Per the terms of the suspension, Pryor could play in the preseason, though he can only visit the team's facility during the suspension; he can't practice and he will not be placed on the Raiders' active roster until Week 6.
Per the NFL's rules, the Raiders will forfeit their third-round pick in 2012 because of where they selected Pryor. According to John Clayton of ESPN.com, Pryor is likely to receive a four-year, $2.36 million deal that includes $591,000 to sign. The suspension will cost him $100,294 of his $375,000 salary.
The selection process, which takes place annually if there are players involved that year, is a way for players ineligible for whatever reason for the April draft to enter the NFL in their first year of eligibility. Other players taken in the supplemental draft through the years who have succeeded to varying degrees in the NFL include quarterbacks Bernie Kosar and Dave Brown, receiver Cris Carter, receiver Rob Moore, and nose tackle Jamal Williams. But there's a linebacker Brian Bosworth, or quarterbacks Timm Rosenbach and Steve Walsh, for every supplemental draft pick who climbs the ladder.
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In that way, it's very much like the regular NFL draft. For every hit, there's at least one bust. Pryor was the only player taken in this year's supplemental draft.
For Pryor, the success chances are more complex. He's a terrific athlete — he ran a 4.41-40 yard dash at his pro day last week, and at 6-foot-6 and 240 pounds, there's been some talk about making him into a bigger receiver or receiving tight end. Pryor has said that he'll play wherever he's needed from a positional standpoint, which may save his NFL career.
As a pure quarterback, there's a lot of work to be done. Even as the NFL has met the spread offense halfway in the last few years, the offense that Pryor ran at Ohio State wasn't complex enough to give any sort of headstart at the NFL level. And even mobile option-style NFL quarterbacks like Michael Vick, Vince Young, Cam Newton, and Tim Tebow either have to assimilate elements of those offenses if they are ever to succeed at the highest level.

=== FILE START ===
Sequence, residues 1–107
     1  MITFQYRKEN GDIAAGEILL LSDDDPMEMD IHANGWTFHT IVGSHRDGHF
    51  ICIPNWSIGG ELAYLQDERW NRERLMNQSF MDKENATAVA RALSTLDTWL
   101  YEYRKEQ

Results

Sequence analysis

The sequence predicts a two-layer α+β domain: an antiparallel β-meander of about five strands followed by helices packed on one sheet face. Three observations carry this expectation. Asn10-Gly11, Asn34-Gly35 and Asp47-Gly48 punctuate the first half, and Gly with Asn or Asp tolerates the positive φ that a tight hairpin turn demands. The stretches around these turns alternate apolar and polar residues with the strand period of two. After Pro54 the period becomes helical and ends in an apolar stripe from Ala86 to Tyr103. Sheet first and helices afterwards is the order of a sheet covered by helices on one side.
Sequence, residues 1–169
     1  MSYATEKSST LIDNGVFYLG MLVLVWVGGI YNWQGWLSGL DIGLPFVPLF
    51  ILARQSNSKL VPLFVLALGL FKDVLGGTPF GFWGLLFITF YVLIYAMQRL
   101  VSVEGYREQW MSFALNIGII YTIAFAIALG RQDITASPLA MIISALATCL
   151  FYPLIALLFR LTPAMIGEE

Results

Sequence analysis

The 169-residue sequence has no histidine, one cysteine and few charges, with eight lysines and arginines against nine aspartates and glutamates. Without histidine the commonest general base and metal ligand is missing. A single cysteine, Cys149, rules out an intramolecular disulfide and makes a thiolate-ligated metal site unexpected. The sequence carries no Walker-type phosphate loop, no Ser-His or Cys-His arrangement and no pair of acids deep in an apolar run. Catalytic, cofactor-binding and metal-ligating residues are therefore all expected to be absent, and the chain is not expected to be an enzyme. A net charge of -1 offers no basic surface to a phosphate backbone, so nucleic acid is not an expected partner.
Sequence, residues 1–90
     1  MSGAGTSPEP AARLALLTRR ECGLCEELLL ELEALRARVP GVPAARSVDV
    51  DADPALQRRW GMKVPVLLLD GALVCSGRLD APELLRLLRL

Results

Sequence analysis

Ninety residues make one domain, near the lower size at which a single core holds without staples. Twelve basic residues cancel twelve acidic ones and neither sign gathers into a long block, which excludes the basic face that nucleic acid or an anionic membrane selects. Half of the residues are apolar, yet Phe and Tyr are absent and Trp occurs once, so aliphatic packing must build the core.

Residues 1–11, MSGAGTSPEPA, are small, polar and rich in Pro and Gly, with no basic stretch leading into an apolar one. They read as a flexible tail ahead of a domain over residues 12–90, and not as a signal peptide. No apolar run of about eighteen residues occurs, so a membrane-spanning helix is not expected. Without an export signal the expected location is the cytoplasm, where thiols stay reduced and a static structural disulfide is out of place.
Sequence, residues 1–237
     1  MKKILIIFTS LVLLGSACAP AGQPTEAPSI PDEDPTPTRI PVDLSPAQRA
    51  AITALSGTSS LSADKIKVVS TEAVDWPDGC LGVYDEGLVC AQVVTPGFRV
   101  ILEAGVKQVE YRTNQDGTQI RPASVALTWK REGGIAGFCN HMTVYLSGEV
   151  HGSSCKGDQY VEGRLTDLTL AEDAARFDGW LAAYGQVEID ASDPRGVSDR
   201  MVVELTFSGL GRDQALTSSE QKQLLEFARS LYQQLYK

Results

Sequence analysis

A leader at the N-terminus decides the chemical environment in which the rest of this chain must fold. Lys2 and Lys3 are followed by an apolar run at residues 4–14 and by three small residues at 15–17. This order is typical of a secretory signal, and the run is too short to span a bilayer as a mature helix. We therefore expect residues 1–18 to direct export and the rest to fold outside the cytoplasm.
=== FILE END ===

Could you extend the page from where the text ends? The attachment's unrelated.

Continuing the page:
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Through three seasons, Pryor completed 477 passes in 783 attempts (a 60.9 completion percentage) for 6,177 yards, 57 touchdowns with 26 interceptions. He also rushed 436 times for 2,164 yards (a 5.0 per carry average) and 17 touchdowns.
Pryor often benefited from defenses adjusting to the run. He threw deep to a lot of zone-busting receivers at Ohio State, but there isn't enough evidence of his ability to consistently throw into tight windows. He also throws off balance a lot when he's moving, which leads to passes that could be intercepted..
He has decent arm strength, though the fact that it isn't spectacular in a Can Newton sense could be a problem over time. Pryor is still working on the touch required for a standard NFL system; most throws are either on a rope or floating too long with an exaggerated "touch" concept to make up for the real touch he doesn't have yet. His short passes tend to flutter, and his setup for such passes is still exaggerated.
Unlike some spread offense quarterbacks, he only has a little hitch in his throwing motion -- it's not a major impediment. Other mechanics are a major issue. He rolls a lot to his left and requires too much time to set his feet when he stops to throw. He tends to need to stop and plant; the motion to set and throw doesn't look and feel natural just yet. Pryor will stand flat-footed when throwing instead of using a more natural through-motion. He's pretty indiscriminate when it comes to throwing off his back foot, especially when he's on the run, and many of the resulting throws won't make the cut in the NFL — even the intermediate passes tend to flutter and wobble.
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Where Pryor may struggle the most is that he is a single-read passer for the most part; he is clearly set to predetermine a fairly simple set of route concepts and take off if whatever's out there isn't to his liking. That just isn't good enough for the NFL, which requires quarterbacks to read and run through route concepts. He didn't perform in a complex offense, and many of his successful passes were based on keeping defenses on a string with his running ability.
Of course, Pryor's best on the run. He uses breakaway speed to make something out of nothing when a play has broken down. Tremendous second-level burst and agility. He's especially dangerous when running counter and play-action. As a runner, he gets outside the tackles in a hurry, accelerates past second-level defenders, and squares his shoulders quickly to get upfield. He is much better throwing when he's rolling right; Pryor keeps his eyes downfield and understands timing. On motion throws to his left, his mechanics slow down and get rickety.
Pryor's not an integrated package as a quarterback just yet; he really could have used that extra time in college. But here is where we are, and the fact that he's going to a team that seems to always value speed above all else — including football acumen and advanced schematic development — makes one wonder if he won't see the field somehow in the preseason.
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- Terrelle Pryor